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I have a Lenovo Yoga 710 where the 'Up' key is in the place where the shift key should be. Unfortunately this laptop won't run earlier kernels because it has "new" hardware. I see the mechanism to remap keys in Wayland (GNOME) here: https://superuser.com/questions/1196241/how-to-remap-caps-lock-on-wayland

But, I can't find the xkb-options code for "Up" anywhere. "Right shift" might be "rshift" according to /usr/share/X11/xkb/rules/base. Where is the list of xkb-options key names and/or what are the names for the 'right shift key' and the 'Up' key?

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After around 2 days of googling an answer to the question "how to remap keys on wayland" I have managed to find a very, very simple way. I dont know if its the right way but it actually works.

The only thing that I had to do is open the file

/usr/share/X11/xkb/keycodes/evdev

That file lists all the keycodes for all the keys in the form < code > = number

You can simply swap the keycodes around. What I actually swapped around is the numbers NOT the code. I changed backslash which on dvorak is next to Enter with Ctrl for Emacs.

edit: to find out which "code" represents each key as in < code > = number you can run the xev command from the terminal to get the keycode printed in the terminal after pressing the button (search for that keycode in the evdev file to get the evdev scancode for the key), or you can visit

/usr/share/X11/xkb/symbols/

This is a directory which has one file for each language installed on the computer and modifier keys. Select the language your pc runs on.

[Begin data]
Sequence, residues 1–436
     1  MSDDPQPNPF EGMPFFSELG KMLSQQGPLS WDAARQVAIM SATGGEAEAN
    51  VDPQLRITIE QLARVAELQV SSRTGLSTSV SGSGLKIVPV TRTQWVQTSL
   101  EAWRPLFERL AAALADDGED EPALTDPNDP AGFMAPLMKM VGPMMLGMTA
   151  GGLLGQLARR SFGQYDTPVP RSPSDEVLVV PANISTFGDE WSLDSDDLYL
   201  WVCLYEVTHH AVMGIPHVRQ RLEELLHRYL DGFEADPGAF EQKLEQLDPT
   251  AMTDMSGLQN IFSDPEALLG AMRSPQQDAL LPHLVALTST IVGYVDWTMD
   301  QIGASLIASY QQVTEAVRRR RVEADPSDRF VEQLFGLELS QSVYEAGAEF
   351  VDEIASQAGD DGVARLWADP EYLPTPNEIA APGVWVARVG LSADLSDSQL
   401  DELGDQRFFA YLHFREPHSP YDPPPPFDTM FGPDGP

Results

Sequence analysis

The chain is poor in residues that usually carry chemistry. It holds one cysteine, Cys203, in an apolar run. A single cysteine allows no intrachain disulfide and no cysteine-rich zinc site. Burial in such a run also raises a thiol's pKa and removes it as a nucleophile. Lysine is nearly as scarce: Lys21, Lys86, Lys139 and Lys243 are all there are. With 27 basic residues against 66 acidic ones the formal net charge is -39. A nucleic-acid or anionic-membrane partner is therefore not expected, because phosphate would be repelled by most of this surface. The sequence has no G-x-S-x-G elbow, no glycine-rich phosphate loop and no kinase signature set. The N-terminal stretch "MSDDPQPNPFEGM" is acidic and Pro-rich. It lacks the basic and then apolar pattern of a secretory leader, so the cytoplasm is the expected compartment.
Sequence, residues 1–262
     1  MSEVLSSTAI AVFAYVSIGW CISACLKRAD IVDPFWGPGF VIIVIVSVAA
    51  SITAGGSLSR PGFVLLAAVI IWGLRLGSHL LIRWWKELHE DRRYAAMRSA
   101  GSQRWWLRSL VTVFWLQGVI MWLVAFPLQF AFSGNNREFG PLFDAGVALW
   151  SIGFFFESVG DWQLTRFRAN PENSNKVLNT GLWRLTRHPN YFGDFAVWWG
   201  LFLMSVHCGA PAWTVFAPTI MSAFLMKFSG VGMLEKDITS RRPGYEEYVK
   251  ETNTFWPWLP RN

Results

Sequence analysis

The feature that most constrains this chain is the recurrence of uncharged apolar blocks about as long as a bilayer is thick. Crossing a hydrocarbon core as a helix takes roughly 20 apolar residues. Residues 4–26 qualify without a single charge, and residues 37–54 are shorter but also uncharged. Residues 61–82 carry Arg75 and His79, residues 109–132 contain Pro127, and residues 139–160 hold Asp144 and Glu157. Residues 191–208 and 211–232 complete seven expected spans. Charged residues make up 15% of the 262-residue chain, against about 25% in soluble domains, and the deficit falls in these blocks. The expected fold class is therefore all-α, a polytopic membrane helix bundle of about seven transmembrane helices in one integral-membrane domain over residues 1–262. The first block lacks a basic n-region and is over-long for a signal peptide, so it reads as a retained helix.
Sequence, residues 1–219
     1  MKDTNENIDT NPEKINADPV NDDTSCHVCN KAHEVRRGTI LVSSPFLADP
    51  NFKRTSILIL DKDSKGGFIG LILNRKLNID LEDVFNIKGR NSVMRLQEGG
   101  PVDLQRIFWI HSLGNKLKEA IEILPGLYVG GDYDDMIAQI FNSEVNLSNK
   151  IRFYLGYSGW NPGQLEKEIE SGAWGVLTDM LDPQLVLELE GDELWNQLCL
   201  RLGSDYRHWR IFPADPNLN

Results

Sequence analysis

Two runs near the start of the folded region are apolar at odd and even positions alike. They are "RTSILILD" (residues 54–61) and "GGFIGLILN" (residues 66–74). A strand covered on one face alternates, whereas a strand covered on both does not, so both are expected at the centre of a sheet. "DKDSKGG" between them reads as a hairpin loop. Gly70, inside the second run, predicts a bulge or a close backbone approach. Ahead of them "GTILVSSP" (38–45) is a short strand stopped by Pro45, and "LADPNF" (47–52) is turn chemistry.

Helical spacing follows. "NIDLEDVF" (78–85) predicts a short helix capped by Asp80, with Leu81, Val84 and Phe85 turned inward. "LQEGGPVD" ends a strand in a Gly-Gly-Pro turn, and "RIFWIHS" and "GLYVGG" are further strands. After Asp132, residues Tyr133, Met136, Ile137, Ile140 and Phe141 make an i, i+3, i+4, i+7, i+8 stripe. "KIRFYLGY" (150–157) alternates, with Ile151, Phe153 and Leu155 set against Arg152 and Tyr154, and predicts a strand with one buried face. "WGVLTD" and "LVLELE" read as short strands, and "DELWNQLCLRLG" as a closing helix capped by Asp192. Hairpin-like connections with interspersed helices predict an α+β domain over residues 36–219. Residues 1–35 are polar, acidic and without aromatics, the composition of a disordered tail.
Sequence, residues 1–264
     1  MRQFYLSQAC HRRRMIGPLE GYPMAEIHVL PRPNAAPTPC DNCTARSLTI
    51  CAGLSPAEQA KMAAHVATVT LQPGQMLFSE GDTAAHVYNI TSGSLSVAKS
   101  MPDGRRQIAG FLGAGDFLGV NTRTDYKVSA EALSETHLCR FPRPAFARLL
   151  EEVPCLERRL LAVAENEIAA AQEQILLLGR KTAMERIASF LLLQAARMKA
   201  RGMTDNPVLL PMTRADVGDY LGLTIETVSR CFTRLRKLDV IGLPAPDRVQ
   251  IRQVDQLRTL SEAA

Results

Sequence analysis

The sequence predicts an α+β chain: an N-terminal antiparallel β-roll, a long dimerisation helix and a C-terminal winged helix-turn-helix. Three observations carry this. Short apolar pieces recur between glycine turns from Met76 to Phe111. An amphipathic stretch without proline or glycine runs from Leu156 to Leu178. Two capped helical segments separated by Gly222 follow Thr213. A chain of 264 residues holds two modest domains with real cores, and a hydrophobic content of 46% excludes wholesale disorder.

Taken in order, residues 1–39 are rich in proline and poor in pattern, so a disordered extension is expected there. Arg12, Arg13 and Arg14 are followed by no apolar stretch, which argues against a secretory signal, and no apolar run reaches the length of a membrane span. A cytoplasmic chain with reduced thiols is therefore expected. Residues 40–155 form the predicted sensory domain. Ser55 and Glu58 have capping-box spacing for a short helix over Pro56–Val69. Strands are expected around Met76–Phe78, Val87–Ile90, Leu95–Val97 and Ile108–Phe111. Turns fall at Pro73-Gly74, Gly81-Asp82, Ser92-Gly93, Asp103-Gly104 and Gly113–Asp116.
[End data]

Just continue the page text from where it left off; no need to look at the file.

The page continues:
In that file there will be all variants supported listed, such as dvorak, programmers dvorak, colemans etc etc.

There you can see the < code > names

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  • Thank you. Worked perfectly on Fedora too :) – jomohke Jun 14 '20 at 3:59
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Right now customizing keys is a bit tricky when using Wayland: https://unix.stackexchange.com/questions/292868/how-to-customise-keyboard-mappings-with-wayland

But if you just want to remap a key so that it should function as another key, the command setkeycodes seems to work.

Run sleep 1; showkey -s in the terminal as root, and then press the key Up once, and then wait 10 seconds

root@laptop:~# sleep 1; showkey -s
kb mode was ?UNKNOWN?
[ if you are trying this under X, it might not work
since the X server is also reading /dev/console ]

press any key (program terminates 10s after last keypress)...
^[[A0xe0 0x48 
0xe0 0xc8 
root@laptop:~# 

From the output we see that 0xe0 0x48 is the scan code for the key Up.

Run sleep 1; showkey -k in the terminal as root, and then press the key Right shift once, and then wait 10 seconds

root@laptop:~# sleep 1; showkey -k
kb mode was ?UNKNOWN?
[ if you are trying this under X, it might not work
since the X server is also reading /dev/console ]

press any key (program terminates 10s after last keypress)...
keycode  54 press
keycode  54 release
root@laptop:~# 

From the output we see that 54 is the key code for the key Right shift.

To remap the Up key to the Right shift key, run setkeycodes 0xe048 54 in the terminal as root.

root@laptop:~# setkeycodes 0xe048 54

The scan code was previously printed as 0xe0 0x48, but now when it was given as an input argument to setkeycodes, it was written 0xe048.

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  • is this persistent through reboots? is there a process for resetting things back to normal? – Ace Mar 2 '18 at 12:23
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    A reboot will give you back the original key mapping. I usually run the setkeycodes command after each reboot. – Erik Sjölund Mar 2 '18 at 16:24

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